His credentials include canoe trips down raging rivers and a camelback jaunt over the Gobi Desert, and now Canada's swinging Prime Minister Pierre Elliott Trudeau has added another paper to his portfolio as the first of his country's Prime Ministers to visit the high Arctic. In a frenzy of athletic activity reminiscent of Teddy Roosevelt, Trudeau slept in a tent, caught a five-pound Arctic char, rode a motorcycle and searched among the icebergs for whales and seals. The 94 Eskimos who welcomed him in Grise Fiord were entranced. "We are very glad to see you," said an elderly native named Philipousie. "We are like a boy." Some of the PM's worried constituents in Pangnirtung flew in a Chinese chef to help soften the harshness of Arctic cuisine for him, but Trudeau would have none of it. "Why eat bacon and eggs when you're dying for stewed fox, seal liver and whale blubber?" he asked.
Old Maudie Frickert's alter ego, Jonathan Winters, is a dedicated and talented big-game fisherman, but he sadly admits that it's the golfers of show business, like Crosby and Hope, who get all the glory.
"The only tournament angler who ever made headlines was one who fell overboard and was lost at sea," moans Jonathan. And those legendary golf-course business deals? Not on the high seas, says Winters. "The biggest deal I ever made was when someone on a wharf gave me change for a dollar so I could make a telephone call."
Houston's Dr. Denton Cooley, one of the world's leading authorities on heart transplants, claims a background in athletics is a real advantage to the prospective surgeon.
August 11, 1968
"This is a specialty in which a person must have vigor and a healthy body to perform at his peak," says Dr. Cooley. "Competitive athletics teaches endurance, which is as much a state of mind as a state of the body." Cooley—a letterman on the University of Texas' 1939 championship basketball team—draws further parallels between sport and his own surgical specialty. "We're playing a game in which there are no rules," he says of the transplant business. "It's like the first day they put up a peach basket at the beginning of basketball."
After those two first-round knockouts by Sonny Liston, several unkind fight critics accused Floyd Patterson of having "impersonated" a fighter. The kinder ones said it was a problem of temperament. Soulwise, they pointed out, Floyd was less fighter than poet. Now, apparently taking the hint, the gentlest pugilist has decided to embark upon an artistic career—acting. His new agent became interested after hearing him on a TV interview. "I felt he had sensitivity, and I've found it is true," explained Dick Vitt. In TV's Wild, Wild West Patterson even has a stand-in to do his fighting. "Floyd hits too straight," the director explained. "It doesn't look as good as the roundhouse swings used in films." A wit as well as a poet, Patterson quipped, "I'd probably be better than the stuntman when it comes to going down, though."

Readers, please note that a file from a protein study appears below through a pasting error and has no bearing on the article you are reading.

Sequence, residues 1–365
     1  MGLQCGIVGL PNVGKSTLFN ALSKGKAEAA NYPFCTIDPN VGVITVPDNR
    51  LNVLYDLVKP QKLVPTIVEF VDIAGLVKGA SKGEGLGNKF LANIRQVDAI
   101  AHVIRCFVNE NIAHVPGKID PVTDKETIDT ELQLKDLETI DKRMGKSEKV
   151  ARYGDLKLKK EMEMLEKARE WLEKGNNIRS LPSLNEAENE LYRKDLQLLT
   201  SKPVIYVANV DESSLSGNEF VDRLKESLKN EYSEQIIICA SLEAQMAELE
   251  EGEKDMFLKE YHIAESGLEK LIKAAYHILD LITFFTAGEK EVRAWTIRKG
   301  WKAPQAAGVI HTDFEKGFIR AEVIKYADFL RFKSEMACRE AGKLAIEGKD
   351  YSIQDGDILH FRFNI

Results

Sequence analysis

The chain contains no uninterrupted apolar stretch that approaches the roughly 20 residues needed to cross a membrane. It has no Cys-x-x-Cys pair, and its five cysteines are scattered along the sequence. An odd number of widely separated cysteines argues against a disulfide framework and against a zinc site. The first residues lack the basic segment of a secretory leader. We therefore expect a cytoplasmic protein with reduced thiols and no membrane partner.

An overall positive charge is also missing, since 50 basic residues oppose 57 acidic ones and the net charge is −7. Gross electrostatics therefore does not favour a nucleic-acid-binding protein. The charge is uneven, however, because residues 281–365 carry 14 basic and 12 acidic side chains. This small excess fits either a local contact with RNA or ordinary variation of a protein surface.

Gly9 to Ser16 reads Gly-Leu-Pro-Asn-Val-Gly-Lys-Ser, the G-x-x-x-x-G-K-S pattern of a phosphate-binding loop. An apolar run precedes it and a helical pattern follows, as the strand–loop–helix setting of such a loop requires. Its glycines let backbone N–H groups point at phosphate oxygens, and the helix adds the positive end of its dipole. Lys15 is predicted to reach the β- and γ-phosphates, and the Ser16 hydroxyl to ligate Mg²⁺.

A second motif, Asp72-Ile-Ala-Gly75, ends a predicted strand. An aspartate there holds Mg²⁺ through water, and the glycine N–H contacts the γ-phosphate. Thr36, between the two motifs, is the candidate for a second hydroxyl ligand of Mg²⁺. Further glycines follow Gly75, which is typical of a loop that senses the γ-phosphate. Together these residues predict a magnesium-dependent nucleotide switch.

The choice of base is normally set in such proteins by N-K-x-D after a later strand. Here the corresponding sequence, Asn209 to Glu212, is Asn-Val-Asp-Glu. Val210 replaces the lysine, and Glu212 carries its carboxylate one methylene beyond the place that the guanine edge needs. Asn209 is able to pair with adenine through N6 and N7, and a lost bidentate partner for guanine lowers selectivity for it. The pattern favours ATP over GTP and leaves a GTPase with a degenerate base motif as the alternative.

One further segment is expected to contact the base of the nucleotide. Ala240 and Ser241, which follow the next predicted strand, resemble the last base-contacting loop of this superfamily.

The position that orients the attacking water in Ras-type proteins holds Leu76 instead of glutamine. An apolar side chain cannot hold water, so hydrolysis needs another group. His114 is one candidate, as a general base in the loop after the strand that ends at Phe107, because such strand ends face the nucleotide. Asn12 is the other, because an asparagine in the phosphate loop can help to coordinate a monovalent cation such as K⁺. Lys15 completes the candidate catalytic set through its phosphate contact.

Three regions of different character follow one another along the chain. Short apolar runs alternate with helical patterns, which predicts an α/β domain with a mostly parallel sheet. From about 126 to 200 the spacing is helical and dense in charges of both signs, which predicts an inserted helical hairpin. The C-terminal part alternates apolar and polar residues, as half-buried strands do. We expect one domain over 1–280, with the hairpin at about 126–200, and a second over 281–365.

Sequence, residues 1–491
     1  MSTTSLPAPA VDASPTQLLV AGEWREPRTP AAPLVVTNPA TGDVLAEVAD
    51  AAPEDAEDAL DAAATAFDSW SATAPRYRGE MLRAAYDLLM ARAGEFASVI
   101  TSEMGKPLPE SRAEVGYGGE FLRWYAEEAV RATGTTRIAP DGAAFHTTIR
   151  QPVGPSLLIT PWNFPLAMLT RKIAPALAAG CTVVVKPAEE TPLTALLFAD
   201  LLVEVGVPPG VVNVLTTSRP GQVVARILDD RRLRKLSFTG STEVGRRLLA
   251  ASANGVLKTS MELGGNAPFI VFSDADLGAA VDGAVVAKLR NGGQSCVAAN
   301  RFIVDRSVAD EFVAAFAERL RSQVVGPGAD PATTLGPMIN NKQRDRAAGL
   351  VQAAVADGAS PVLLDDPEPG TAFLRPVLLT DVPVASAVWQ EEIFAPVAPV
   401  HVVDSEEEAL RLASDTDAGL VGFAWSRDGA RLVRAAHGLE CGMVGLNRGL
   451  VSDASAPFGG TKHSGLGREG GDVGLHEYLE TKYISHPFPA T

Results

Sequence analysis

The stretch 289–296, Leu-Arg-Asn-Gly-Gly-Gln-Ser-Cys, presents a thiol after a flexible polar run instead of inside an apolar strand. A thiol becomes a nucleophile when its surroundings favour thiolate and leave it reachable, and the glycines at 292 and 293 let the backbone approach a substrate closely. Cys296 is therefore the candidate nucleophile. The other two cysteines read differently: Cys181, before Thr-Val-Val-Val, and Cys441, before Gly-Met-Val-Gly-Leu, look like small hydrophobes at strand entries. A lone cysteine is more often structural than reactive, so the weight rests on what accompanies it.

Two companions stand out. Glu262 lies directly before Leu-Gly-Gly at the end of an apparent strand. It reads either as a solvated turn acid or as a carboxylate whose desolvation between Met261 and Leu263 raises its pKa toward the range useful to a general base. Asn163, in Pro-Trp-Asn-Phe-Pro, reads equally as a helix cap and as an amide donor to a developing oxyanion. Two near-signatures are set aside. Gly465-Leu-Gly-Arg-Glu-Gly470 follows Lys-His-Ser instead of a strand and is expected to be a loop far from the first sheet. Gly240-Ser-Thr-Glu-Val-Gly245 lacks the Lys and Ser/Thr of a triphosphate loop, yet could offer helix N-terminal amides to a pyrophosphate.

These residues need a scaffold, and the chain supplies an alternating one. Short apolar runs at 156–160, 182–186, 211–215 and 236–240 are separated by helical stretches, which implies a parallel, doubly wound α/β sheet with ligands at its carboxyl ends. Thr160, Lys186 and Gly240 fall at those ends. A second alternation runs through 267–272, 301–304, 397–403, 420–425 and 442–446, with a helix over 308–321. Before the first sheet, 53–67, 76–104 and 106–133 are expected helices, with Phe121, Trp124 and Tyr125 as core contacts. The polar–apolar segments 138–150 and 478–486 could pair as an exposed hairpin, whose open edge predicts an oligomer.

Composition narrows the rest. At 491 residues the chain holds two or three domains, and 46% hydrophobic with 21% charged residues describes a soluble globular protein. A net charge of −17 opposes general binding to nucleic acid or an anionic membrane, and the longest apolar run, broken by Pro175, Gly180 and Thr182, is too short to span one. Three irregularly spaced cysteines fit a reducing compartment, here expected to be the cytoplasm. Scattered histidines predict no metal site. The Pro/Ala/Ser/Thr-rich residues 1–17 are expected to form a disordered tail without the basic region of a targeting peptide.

If William F. Buckley Jr., articulate star of the political right, looks extra pained on TV in Miami this week, look to the left for the cause. Just before leaving for the Republican Convention Buckley, an enthusiastic blue-water sailor, was thrown to the deck of his 60-foot schooner, Cyrano, by an unexpected wave and suffered a broken collarbone—you guessed it—on his port side. But Bill never had much use for that wing, anyway. Shown here leaning, as always, to the right, Buckley commented, "I can fly on one wing."
There are those who claim that the national game (baseball, you recall) is losing its Moxie. But Tiny Tim, that long-haired, falsetto-voiced holdover from the age of Moxie and ice-cream parlors is not one of them. When he is not tiptoeing through the tulips Tiny, it turns out, is an avid Dodger fan. He was once kicked out of Connie Mack Stadium for blowing kisses at his idols. He says his presence at a game often distracts the players. "Like the time I was sitting in right field in Yankee Stadium and Mantle and Maris started talking about me."
Pitching and vocalizing, according to Tiny, have a lot in common. "Singing is just like being on the mound," he says. "Vocally, you either have it that night or you don't." The list of 16 song titles taped to the back of his ukulele is his "lineup card." After an occasional evening with young ladies, Tiny admits to reviewing his "errors."
During the winter he's a hockey fan, his favorite team being Toronto, "because the Maple Leaf is closest to nature." He's disturbed by the sport's rough play, though. "Spearing with those sticks," he says. "Ugh!"